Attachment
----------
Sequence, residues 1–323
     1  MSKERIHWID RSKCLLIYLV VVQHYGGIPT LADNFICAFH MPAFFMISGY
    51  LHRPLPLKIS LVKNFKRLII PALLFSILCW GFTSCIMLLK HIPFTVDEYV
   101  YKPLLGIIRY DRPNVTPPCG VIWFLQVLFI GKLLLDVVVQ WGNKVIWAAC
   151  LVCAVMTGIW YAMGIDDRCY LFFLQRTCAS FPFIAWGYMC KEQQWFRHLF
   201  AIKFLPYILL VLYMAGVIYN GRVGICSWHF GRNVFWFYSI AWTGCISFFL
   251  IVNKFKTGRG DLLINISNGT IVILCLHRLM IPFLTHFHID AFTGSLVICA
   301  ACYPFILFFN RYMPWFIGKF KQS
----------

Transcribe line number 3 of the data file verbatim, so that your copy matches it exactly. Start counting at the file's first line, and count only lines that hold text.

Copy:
    51  LHRPLPLKIS LVKNFKRLII PALLFSILCW GFTSCIMLLK HIPFTVDEYV